• 2014 Chardonnay Table Wine
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Nothing screwy

The two Chardonnay vineyards that produced most of the grapes for this wine are some of the oldest in Anderson Valley. Our neighbor, Valley Foothills Vineyard, is responsible for almost two thirds of this cuvée produced from their K2 block planted in 1978. Most of the balance is from the oldest section of Navarro's Hammer Olsen Block planted in 1983. Both fields were planted using budwood purchased from the Robert Young vineyard in Sonoma. The Robert Young "clone" was the Chardonnay budwood of choice in the North Coast during this era because the tiny berries delivered excellent quality wine. In reality, the Robert Young "clone" was a field selection until UC Davis cleaned up the budwood and released it later as FPMS clone 17R. Phylloxera and age have reduced production significantly, so these fields are scheduled for replanting in 2016 & 2017. The grapes were destemmed, pressed and the juice transferred to stainless steel tanks to ferment in temperature controlled conditions as individual lots.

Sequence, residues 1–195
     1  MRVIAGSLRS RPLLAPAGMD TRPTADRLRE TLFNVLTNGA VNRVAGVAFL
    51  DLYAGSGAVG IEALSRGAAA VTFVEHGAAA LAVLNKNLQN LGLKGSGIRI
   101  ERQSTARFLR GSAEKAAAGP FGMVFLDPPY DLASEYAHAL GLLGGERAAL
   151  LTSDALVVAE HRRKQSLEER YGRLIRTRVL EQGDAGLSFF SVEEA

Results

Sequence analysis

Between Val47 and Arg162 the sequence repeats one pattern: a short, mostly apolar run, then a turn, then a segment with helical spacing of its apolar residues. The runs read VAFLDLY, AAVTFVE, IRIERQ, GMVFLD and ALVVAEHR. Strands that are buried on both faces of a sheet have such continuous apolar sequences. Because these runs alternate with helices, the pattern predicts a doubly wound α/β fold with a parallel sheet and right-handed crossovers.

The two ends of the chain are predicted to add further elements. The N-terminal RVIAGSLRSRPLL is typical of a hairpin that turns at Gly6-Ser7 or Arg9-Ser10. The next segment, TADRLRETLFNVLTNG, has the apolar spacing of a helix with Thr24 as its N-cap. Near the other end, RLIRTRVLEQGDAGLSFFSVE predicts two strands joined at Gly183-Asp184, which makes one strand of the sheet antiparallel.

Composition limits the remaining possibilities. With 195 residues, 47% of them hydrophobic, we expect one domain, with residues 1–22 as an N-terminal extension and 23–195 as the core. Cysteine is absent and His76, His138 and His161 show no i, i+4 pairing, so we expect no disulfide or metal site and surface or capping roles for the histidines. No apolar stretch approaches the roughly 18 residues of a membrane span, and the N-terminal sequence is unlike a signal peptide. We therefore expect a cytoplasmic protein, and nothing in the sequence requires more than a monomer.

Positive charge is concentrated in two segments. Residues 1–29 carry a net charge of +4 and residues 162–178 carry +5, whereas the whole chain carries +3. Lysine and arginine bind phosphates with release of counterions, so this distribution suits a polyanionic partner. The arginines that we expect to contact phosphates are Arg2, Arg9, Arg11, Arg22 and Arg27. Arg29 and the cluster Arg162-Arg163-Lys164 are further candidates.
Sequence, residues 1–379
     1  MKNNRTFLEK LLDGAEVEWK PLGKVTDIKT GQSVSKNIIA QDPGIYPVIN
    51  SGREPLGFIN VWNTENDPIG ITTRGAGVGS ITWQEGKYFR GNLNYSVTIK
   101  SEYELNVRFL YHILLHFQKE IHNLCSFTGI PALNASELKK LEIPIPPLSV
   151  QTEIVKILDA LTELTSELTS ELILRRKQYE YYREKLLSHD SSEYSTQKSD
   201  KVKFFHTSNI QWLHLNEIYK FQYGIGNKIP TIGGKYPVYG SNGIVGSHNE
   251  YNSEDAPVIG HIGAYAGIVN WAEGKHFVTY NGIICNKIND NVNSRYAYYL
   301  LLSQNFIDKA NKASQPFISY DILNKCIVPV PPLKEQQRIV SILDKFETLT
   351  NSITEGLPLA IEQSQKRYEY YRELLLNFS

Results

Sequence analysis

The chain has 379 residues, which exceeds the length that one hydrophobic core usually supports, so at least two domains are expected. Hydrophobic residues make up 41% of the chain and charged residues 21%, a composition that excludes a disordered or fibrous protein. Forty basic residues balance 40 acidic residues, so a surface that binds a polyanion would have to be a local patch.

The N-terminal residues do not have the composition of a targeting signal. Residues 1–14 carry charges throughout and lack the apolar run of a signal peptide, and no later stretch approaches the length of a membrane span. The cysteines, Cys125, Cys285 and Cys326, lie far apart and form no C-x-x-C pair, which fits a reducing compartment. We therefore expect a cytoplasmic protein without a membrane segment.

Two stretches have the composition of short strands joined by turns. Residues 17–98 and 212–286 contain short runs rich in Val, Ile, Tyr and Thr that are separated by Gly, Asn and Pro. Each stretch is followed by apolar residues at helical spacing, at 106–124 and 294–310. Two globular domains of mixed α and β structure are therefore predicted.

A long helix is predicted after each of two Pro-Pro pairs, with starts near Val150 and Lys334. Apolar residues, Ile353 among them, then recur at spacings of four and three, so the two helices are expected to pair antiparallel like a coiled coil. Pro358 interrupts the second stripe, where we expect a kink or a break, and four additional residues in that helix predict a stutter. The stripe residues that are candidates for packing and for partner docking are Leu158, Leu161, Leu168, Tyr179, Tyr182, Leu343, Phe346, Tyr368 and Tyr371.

[above] Sarah standing next to planks of cork drying.
Harvesting Navarros Hammer Olsen Chardonnay vineyard on a cold, foggy morning. [below]

After fermentation the wine was racked to seasoned French oak barrels to age eight months. A cuvée from the various barrels was selected, including an eleven percent addition of wine we had produced from Potter Valley grapes. The wine exhibits a classic Mendocino Chardonnay profile of pear, apple and citrus combined with suggestions of vanilla, toast and spice from the seasoned oak barrels. It's rare to find a Chardonnay in this price range made from premium clones and bottled with a real cork finish rather than a screw cap. Gold Medal winner.

Cork trees with the cork bark removed. [right]
Once an oak tree trunk has grown to about two feet in diameter, the cork is stripped off every nine or ten years. Cork is sustainable as the trees are not sacrificed but continue to live after the harvests. The cork forests in southern Europe provide sanctuary for a third of Europe's bird population making this sustainable product ecologically important. Cork is desirable for wine closures because, like oak casks, they allow oxygen to interact with the wine for proper aging.